New SEC compensation clawback rules impact US-listed South African private issuers

​​A new US Securities Exchange Act Rule will take effect on 27 January 2024 and impact US-listed private issuers and dual-listed companies. It provides for the return of compensation, that was erroneously paid to executive officers as a result of accounting restatements, to the issuer and its shareholders, regardless of the fault of the executive officer.

The US Securities and Exchange Commission (SEC) recently introduced a new Rule 10D-1 under the Securities Exchange Act of 1934 (Rule 10D-1). The new Rule directs US exchanges to establish listing rules that would require listed companies to adopt clawback policies for the recovery of incentive-based compensation awarded to executive officers when the financial information on which that compensation was based was materially misreported.

In this article, we provide South African private issuers that are US-listed with a high-level understanding of the new Rule 10D-1 and its implications for their businesses.

It is essential for South African private issuers to understand that their current malus and clawback policies will probably not be sufficient to meet the new SEC requirements, due to the substantive differences between the US and South African regimes governing such policies. One difference is that, in the US, clawback is mandatory once a trigger event has occurred. This is not the case in South Africa, where it is typically discretionary.

Under Rule 10D-1, clawback must be triggered when an issuer is required to prepare an accounting restatement that corrects a material error in previously-issued financial statements ("Big R" restatement), on the one hand, or that would result in a material misstatement if the error was corrected in the current period or that would result in a material misstatement if it were left uncorrected in the current period ("little r" restatement), on the other hand. A trigger event is the earlier of (i) the date on which the authorised body/person at the issuer concludes, or reasonably should have concluded, that the issuer is required to prepare a restatement or (ii) the date a court, regulator, or other legally authorised body directs the issuer to prepare a restatement.

The new Rule 10D-1 will apply to any current or former executive officer, regardless of misconduct, for compensation received in that capacity. The definition of "executive officer" will depend on the issuer, but it is likely to overlap with the "senior management" group identified in annual reports. The new rule applies to incentive-based compensation, which is any compensation that is granted, earned, or vested based wholly or in part on the attainment of any financial reporting measure. The amount subject to clawback is the amount of incentive-based compensation received (during three full fiscal years pre-trigger) in excess of the amount that would have been received based on the restatement, calculated without regard to taxes paid.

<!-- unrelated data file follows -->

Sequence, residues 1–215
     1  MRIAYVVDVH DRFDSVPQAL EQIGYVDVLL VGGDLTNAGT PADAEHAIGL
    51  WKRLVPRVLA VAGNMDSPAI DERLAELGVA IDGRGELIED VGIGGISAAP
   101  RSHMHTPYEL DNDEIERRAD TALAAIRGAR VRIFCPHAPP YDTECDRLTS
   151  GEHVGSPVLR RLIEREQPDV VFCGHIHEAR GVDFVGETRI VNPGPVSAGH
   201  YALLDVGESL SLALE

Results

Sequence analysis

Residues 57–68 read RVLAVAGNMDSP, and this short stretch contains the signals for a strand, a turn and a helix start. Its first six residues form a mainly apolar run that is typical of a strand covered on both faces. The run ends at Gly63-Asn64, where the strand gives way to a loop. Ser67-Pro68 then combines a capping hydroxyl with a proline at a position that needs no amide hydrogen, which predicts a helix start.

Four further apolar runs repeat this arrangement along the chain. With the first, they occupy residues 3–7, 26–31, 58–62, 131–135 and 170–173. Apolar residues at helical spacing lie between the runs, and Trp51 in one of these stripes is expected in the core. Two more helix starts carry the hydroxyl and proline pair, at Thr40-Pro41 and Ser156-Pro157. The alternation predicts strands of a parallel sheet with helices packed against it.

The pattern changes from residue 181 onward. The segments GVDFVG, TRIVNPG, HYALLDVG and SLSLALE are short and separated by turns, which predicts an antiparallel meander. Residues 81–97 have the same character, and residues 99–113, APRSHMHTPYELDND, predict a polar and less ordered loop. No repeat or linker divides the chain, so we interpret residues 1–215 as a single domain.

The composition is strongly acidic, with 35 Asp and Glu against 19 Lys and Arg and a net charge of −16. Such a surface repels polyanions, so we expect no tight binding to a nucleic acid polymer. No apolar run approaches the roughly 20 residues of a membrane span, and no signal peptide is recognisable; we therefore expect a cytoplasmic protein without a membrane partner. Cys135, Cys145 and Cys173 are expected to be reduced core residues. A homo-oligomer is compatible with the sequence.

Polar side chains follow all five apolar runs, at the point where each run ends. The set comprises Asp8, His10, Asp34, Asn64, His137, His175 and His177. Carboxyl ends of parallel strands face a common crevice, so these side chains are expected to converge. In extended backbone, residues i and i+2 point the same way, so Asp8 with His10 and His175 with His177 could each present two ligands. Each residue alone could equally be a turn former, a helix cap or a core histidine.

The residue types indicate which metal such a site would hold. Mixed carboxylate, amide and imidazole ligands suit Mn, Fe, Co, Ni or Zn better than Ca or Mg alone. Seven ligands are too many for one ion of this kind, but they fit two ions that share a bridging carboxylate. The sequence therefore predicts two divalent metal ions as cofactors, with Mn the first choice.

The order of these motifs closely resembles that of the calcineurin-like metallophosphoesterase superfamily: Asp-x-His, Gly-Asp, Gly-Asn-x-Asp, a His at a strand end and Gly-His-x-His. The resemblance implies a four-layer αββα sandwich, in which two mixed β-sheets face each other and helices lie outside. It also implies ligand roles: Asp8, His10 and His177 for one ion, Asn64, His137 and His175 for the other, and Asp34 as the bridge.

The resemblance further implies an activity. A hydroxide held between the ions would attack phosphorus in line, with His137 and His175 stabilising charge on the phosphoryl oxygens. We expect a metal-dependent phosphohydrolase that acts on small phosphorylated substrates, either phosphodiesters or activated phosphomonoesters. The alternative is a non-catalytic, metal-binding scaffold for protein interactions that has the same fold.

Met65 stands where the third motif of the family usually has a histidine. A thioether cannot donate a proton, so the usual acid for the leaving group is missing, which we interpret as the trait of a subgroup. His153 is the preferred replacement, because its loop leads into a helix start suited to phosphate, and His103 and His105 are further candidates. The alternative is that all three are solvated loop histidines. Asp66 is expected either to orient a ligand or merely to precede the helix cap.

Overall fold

South African private issuers with US listings that fail to comply with the new Rule 10D-1 risk adverse disclosures, reputational harm, and even delisting. Issuer indemnification or insurance will not curb liability.

The US listing requirements that flow from Rule 10D-1 will become effective by no later than 27 January 2024. To ensure compliance with the new Rule 10D-1, South African private issuers will need to adopt an amended clawback policy by the end of 2023 and review all their executive remuneration and directors' and officers' insurance arrangements. That is easier said than done, as it will probably entail the following steps:

  • Review where executive officers are based and consider what steps may be necessary to ensure enforcement of clawback is possible (e.g. consider whether scheme rules require consent from participants where amendments affect rights of participants and what is included in the participants’ terms and conditions of employment);
  • Review documentation and identify necessary amendments, particularly to assess whether the current malus and clawback policy is sufficient to satisfy the new rules. We believe that such policies drafted in the South African context will require significant amendment due to the differences in the prevailing regimes in each jurisdiction. Updates would then flow to any incentive plan rules, bonus schemes, or director remuneration policies which may, in turn, require regulatory approval, for example, in terms of Schedule 14 to the JSE’s Listings Requirements.
  • Remuneration Committee (RemCo) terms of reference, if any, may need to be updated to reflect the RemCo’s obligation to apply clawback and maintain a record of clawback obligations.

With less than a year to assess impacted policies and agreements from a corporate governance and employment perspective, US-listed South African issuers would be well advised to take action promptly by briefing their stakeholders and identifying the impacted documents. The Webber Wentzel team (together with our alliance partner, Linklaters) is available to consult and advise clients on the impact of such regulatory changes.


These materials are provided for general information purposes only and do not constitute legal or other professional advice. While every effort is made to update the information regularly and to offer the most current, correct and accurate information, we accept no liability or responsibility whatsoever if any information is, for whatever reason, incorrect, inaccurate or dated. We accept no responsibility for any loss or damage, whether direct, indirect or consequential, which may arise from access to or reliance on the information contained herein.

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Webber Wentzel > News > New SEC compensation clawback rules impact US-listed South African private issuers
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